No subject seems to pervade our lives as much as finance. Whether it is wresting with the family budget or seeing if your company qualifies for a bank loan, finance looms larger than any other technical subject on a daily basis. Managers are expected to scale down medical supply inventories or set up budgets for departments or projects, yet it has been my experience working as a business coach with in the healthcare industry that most management is sorely lacking in their basic understanding of finance. Why even some C – level employees depend too heavily on the CFO to tell them WHAT to do in regards to smart financial decision making.

All organizations preach to their managers to think like owners and consider all sorts of ideas and options before making a decision. We drill home the virtues of thinking costs savings and value added to our managers, yet how many businesses or healthcare organizations, large or small, train their management in the specifics of business finance? I would suggest few to none. But what business does not need ample cash flow and sustained profitability from every department in order to be successful?

If managers are expected to take ownership and share the responsibilities of running the business, they must be held to the same standards as owners or executive level management when it comes to financial understanding and accountability.

The key is to start training people immediately. We spend so much time training or hiring for technical expertise but very little to the financial understanding that is so basic for the achievement of corporate financial goals. Before promoting from within, ensure candidates have met certain basic criteria for leading people and understanding the financial risks of all aspects of their leadership. Before hiring from the outside, consider interview questions that specifically elicit a person’s financial comprehension.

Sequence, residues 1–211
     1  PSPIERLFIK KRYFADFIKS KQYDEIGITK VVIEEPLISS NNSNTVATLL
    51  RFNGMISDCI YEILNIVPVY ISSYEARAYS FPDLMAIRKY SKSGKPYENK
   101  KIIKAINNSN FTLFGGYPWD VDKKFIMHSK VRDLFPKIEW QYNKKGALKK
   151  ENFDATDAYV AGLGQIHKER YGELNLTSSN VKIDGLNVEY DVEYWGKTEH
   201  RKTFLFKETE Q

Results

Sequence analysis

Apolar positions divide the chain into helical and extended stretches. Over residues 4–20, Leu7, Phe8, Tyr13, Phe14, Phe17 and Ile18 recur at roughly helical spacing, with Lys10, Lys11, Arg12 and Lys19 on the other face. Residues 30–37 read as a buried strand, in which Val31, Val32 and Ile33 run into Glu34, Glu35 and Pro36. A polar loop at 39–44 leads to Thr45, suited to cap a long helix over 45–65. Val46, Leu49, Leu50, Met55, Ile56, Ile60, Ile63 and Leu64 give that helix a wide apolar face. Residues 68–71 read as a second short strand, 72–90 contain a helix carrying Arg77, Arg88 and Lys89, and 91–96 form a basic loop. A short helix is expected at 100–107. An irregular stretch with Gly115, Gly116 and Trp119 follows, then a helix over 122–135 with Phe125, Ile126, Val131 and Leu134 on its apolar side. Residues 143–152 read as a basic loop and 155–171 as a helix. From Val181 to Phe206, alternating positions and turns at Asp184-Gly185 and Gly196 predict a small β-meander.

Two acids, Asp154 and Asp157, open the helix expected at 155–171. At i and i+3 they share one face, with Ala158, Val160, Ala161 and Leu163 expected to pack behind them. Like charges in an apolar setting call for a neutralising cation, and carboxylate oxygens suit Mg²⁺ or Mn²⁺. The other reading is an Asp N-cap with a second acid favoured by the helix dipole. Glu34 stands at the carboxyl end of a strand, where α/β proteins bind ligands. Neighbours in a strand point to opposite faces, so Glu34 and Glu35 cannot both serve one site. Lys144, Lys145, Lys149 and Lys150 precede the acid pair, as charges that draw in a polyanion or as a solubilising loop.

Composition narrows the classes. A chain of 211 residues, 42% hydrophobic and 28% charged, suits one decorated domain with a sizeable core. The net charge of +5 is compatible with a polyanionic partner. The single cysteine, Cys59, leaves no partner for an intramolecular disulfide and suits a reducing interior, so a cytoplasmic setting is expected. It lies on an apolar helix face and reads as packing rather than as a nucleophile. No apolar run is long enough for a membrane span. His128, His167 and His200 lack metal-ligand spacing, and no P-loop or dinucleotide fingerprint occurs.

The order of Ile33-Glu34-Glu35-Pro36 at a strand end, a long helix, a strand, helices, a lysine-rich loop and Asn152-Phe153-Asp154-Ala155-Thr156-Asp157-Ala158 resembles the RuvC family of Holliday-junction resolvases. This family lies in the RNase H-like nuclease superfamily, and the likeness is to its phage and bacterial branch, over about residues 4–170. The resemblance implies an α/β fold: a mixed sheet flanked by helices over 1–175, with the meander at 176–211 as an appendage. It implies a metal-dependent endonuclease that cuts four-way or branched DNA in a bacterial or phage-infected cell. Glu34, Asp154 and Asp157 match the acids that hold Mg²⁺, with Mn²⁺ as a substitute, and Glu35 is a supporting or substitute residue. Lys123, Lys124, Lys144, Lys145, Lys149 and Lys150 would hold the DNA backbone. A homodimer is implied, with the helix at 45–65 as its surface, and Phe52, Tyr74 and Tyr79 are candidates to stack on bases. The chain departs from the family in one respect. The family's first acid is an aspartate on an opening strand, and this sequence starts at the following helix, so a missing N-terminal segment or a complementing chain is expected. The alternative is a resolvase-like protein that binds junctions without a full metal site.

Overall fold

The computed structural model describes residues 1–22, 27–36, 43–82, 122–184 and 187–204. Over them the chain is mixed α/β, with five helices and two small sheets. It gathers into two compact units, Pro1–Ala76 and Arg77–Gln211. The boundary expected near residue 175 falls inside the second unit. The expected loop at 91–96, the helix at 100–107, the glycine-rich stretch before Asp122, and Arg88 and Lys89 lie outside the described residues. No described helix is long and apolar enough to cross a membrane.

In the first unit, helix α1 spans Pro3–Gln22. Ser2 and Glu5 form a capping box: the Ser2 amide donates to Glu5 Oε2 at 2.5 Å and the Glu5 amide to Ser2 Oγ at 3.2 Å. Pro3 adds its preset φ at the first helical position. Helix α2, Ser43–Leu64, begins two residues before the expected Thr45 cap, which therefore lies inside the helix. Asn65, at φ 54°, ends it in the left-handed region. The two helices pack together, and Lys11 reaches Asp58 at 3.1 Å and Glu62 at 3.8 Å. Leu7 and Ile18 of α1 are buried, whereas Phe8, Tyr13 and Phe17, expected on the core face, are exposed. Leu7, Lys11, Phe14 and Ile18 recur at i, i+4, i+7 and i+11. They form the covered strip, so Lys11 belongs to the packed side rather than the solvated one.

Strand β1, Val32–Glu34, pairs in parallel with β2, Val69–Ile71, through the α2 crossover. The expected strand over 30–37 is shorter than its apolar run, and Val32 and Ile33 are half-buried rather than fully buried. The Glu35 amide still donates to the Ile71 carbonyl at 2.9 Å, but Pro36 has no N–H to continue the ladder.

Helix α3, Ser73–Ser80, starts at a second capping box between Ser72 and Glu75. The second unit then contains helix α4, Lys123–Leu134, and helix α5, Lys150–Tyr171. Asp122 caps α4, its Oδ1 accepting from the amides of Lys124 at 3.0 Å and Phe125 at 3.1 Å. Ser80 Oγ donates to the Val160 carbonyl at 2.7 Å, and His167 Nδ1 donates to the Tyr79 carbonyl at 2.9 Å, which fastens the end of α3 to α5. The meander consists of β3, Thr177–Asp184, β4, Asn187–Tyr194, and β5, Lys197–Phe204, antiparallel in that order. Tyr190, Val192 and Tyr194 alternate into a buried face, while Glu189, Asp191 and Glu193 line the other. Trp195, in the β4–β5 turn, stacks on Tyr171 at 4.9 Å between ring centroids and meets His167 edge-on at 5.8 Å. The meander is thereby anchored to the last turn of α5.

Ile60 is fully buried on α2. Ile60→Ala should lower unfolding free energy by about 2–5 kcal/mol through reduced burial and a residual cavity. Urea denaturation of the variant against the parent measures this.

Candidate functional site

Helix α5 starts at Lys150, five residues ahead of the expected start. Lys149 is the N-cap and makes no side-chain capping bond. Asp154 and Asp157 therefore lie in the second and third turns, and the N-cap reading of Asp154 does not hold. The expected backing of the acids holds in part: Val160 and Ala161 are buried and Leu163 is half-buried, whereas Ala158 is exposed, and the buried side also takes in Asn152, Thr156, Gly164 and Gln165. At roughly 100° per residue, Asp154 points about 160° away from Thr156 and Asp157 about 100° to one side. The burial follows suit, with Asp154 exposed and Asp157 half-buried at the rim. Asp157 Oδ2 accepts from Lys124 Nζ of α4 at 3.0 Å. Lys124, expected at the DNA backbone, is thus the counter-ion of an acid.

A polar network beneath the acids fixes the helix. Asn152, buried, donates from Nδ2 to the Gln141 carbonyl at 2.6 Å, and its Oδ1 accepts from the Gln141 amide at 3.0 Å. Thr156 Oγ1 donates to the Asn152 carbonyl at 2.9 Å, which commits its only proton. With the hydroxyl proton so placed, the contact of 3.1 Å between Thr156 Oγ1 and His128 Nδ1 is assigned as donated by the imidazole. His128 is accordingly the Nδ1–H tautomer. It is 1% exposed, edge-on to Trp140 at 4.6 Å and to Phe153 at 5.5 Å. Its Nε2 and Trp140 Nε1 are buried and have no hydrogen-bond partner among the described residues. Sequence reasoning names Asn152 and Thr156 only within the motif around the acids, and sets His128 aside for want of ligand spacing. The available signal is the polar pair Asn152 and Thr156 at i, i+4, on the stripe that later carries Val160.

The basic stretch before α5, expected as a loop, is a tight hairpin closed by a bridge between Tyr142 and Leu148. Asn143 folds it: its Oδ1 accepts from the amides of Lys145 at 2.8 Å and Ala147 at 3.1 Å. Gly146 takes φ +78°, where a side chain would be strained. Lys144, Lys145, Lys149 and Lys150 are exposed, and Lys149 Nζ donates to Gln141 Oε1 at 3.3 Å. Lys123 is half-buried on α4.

So many executives simply hand over periodic financial reports to managers and assume they know what the heck they are looking at. Most reports end up in the bottom drawer somewhere. Many managers don’t take company financials seriously until they are required to – by that time it may be too late.

Managers today should know how to effectively utilize the basic tools such as reading, understanding and utilizing a balance sheet, statement of cash flows, and a profit and loss statement when making decisions. Teach managers at all levels how to create a functional budget so there are accurate financial metrics by which to measure a manager’s performance. Every manager’s performance should be tied directly to company financial goals. If not, don’t give them the title of manager. The need to make quick financial decisions is vital at every level to succeed in business today.

How would you rate your management’s actual understanding and accurate use of financial information?

Now is the time to take action to ensure your managers have every tool available to them to make proper decisions and take appropriate actions as leaders- especially those critical financial tools.

To your continued success,

Coach Nancy